After Jack’s birth, all the days of Jack’s life are are depicted in lively vignettes that blend together seamlessly to form the layers of a life. The many days of infancy are nicely delineated by a repeated shot of Mother turning out a bedside lamp. After the birth of Jack’s brothers, the film flies into exhilarating cinematic motion as the camera follows the boys climbing a tree, riding their bikes, throwing a ball over the house, rolling down a grassy hill, or simply lounging around in t-shirts and jeans, day after summer day. Through Jack’s eyes, we grow up again. We hold sparklers on the 4th of July; we dress up for Hallowe’en; we become aware of life's tragedies; we play on the school playground; we follow a girl home from school. We do bad things.
Following the Creation sequence, the film echoes Genesis again as Jack struggles with free will, wanting to do good things but being tempted to do bad. He can be a destructive little boy, smashing a garbage can, breaking windows on a dare. He can lust after a neighbor woman hanging her underwear on a laundry line and washing her bare legs with a hose. He runs from a sin committed, face full of guilt. The Genesis allusions continue in the depiction of sibling rivalry between Jack and the middle brother, suggestive of Cain and Abel, Jacob and Esau. Similarly, Jack seeks favor from the Father, as Jacob did with Isaac.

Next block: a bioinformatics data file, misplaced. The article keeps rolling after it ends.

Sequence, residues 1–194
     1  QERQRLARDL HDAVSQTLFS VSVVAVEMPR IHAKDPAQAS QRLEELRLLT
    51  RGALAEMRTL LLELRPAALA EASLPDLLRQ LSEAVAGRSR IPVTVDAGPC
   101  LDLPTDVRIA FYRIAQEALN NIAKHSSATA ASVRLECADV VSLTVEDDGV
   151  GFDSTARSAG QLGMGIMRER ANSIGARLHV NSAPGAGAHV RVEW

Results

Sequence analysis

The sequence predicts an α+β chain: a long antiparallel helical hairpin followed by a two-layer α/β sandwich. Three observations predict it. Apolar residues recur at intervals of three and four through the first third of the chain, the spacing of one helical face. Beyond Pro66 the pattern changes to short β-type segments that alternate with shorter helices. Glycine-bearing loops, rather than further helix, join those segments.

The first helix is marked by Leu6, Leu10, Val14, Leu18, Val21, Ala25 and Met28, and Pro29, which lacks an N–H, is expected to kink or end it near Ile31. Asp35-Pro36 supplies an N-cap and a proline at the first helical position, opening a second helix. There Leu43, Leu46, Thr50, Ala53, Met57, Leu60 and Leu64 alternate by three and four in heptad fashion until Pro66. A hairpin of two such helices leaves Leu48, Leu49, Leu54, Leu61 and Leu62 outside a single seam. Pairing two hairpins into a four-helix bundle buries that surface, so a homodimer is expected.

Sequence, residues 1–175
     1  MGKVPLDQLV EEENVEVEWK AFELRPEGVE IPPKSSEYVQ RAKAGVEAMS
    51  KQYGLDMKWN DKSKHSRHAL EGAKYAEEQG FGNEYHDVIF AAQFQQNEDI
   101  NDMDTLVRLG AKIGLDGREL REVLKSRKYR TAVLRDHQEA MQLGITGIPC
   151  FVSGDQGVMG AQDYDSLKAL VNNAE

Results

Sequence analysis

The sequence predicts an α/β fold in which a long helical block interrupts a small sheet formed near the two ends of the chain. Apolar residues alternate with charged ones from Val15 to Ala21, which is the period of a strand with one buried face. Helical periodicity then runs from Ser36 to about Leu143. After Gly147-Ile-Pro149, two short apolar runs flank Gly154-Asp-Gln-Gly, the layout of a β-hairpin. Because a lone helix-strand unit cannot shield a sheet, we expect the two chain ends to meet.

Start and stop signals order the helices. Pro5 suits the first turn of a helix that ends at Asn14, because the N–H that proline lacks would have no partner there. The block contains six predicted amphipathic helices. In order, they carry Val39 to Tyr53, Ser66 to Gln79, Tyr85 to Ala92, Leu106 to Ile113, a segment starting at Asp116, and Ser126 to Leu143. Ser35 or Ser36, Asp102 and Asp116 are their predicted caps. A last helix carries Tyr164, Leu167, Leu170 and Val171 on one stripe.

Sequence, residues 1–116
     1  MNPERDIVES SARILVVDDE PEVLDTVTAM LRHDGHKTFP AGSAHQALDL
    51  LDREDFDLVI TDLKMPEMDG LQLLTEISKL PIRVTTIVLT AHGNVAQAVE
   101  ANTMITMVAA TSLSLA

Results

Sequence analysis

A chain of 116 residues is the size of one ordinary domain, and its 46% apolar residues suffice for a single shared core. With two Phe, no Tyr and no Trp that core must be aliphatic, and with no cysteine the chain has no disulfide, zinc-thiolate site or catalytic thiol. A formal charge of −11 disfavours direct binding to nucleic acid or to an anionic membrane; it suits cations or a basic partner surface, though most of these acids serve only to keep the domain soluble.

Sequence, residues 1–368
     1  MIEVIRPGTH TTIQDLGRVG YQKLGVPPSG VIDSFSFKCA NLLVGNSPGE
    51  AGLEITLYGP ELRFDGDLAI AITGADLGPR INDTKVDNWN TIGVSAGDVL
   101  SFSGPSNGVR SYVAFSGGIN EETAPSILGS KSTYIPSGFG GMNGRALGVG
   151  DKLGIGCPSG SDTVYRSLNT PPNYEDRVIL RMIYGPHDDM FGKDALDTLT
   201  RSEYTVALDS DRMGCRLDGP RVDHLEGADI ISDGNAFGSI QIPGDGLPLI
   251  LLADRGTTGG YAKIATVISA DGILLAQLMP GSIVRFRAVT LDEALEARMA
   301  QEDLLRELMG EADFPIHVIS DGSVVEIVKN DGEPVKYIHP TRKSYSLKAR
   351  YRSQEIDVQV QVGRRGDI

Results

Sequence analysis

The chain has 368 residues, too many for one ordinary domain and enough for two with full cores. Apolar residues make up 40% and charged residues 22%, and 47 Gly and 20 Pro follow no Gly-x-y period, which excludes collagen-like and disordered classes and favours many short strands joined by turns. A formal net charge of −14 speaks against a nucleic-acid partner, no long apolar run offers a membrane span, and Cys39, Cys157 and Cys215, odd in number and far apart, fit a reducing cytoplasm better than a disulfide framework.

As with Days of Heaven, Malick tells a poignant, powerful story by means of snippet scenes that might have one line of dialogue linked to another snippet by a montage of images that may hold meaning or might just be achingly beautiful. We get pieces of the conflicts that arise as Jack is torn between a mother’s compassionate example and a Father’s tough dictates stemming from an unsatisfied longing. These conflicts, in turn, make Jack the adult he becomes, a man (Sean Penn) who has achieved power and success but seeks fulfillment by letting go of his bitterness and embracing the “glory” that he turned his back on.
Adult Jack must pass through the many doorways seeded throughout the film, an image that is part of a matrix of imagery from Malick’s previous four films: a patch of sky through the treetops; grass blowing in the wind; snakes; lace curtains moving in a breeze; rivers; boys swimming underwater; a room whose ceiling becomes the sky. These are images that Malick clearly loves, images that have meaning to him, and here, in The Tree of Life, Malick bares his tender soul passionately, powerfully, sometimes tritely, sometimes inscrutably, but he boldly attempts to deal with all the questions in the world, and he leaves you with the feeling that he has nearly answered them all. Malick’s soulful exploration of all the questions in the world might take too long wandering on the beach of heaven, but I’ll allow a man his indulgence when he has the talent to capture memorable power and significance in a single image, as in one of my favorites in this film: a boy’s hand holding a wisp of dried grass on a leg clad in blue jeans, as two brothers console each other against one of life’s hard moments.